There are very few people as heroic as Lifesaving Station Keeper Ricard Etheridge. Born into slavery to the Manteo Etheridge, he was taught read and write. When the Civil War came, he fled his enslavement and joined the Union cause, rising to the equivalent of a master sergeant in his battalion.
When he returned to Roanoke Island after the war, he was planning on earning a living at odd jobs and fishing, but the fledgling Lifesaving Service needed his skills and in 1877 he joined the service.
However, no Black man was allowed in a supervisory position, and even though he was recognized for his skill and leadership potential, he was not promoted…until 1880 when he was put in charge of the Pea Island Lifesaving Station in 1880.
Because no white man would serve with him, it was an all Black crew—and they were good. Very, very good.
A Heroic Rescue
Just how good his crew was, was proven on October 11, 1896 when the three-masted schooner Newman ran aground in a hurricane. It took 100 years, but the extraordinary bravery of Richard Etheridge and his crew that evening was finally recognized when they were awarded the US Coast Guard Gold Lifesaving Medal, the highest medal awarded by the Coast Guard for heroism during a rescue.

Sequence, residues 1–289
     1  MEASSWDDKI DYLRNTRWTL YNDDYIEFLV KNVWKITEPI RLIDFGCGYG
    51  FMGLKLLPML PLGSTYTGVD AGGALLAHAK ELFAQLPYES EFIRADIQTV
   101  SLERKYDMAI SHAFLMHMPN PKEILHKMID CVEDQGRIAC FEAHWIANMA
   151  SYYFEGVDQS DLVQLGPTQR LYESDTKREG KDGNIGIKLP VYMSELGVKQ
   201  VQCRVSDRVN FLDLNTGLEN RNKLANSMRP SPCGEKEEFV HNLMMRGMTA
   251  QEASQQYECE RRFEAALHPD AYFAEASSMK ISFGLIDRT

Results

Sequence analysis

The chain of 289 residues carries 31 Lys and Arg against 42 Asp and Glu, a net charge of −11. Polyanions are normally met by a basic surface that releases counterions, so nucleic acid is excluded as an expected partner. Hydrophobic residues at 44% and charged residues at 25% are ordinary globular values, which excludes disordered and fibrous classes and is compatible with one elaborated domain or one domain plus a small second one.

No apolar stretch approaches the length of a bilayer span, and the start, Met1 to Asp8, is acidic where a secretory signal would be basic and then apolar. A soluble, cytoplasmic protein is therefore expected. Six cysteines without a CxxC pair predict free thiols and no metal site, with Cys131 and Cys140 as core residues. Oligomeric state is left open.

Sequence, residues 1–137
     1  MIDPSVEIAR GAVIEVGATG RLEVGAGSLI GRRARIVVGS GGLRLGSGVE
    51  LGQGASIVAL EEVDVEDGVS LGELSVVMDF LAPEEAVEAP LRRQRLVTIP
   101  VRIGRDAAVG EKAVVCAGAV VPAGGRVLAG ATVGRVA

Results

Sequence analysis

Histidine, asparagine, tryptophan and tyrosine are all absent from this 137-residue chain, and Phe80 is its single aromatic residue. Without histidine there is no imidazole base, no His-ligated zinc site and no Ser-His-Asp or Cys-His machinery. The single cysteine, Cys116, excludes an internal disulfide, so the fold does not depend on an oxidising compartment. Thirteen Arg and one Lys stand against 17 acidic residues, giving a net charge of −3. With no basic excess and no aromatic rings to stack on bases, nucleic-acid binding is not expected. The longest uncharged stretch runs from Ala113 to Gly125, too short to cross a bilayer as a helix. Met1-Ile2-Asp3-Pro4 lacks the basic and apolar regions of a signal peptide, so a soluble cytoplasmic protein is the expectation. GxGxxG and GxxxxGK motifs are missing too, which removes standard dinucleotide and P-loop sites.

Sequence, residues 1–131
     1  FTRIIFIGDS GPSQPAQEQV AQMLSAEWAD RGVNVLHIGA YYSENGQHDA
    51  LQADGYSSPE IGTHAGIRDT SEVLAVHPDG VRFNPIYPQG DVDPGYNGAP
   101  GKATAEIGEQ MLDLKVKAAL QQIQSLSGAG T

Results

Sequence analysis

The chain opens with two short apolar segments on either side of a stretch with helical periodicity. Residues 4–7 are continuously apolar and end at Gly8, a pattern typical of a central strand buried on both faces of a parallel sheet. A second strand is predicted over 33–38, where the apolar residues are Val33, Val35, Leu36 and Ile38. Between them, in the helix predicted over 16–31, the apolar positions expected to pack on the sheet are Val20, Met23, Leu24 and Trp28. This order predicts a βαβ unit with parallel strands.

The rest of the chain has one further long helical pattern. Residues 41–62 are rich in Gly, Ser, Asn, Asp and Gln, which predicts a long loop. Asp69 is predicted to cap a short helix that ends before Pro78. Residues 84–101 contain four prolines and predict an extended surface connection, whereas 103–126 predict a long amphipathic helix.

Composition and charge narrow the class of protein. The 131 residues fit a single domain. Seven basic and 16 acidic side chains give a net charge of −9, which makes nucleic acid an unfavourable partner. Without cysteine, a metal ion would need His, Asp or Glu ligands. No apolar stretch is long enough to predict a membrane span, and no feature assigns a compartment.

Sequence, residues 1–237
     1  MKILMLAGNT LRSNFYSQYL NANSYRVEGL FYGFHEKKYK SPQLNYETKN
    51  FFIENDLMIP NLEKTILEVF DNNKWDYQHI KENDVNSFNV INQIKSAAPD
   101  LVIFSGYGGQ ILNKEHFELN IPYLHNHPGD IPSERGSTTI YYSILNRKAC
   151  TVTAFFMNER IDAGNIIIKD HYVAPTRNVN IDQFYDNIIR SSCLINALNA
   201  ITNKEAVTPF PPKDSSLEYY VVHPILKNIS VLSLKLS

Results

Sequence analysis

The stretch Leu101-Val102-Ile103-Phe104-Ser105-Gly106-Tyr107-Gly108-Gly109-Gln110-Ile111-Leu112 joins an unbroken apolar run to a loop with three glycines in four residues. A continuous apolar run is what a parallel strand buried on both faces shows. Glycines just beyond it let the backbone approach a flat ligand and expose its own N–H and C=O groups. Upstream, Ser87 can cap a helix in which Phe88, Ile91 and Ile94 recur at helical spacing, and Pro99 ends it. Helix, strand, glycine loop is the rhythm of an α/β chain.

To keep his memory alive, the new COA building will have a Richard Etheridge Lobby in the new building. The naming of the lobby is at the request of an anonymous donor to the Dare County COA capital building fund.
The College of the Albemarle is currently construction a new campus building in Manteo. The building is being funded in large part by Dare County.
The Outer Banks has a rich and wonderful history. Stay with us at Brindley Beach Vacations for a week or two and explore stories older than the first European visitor.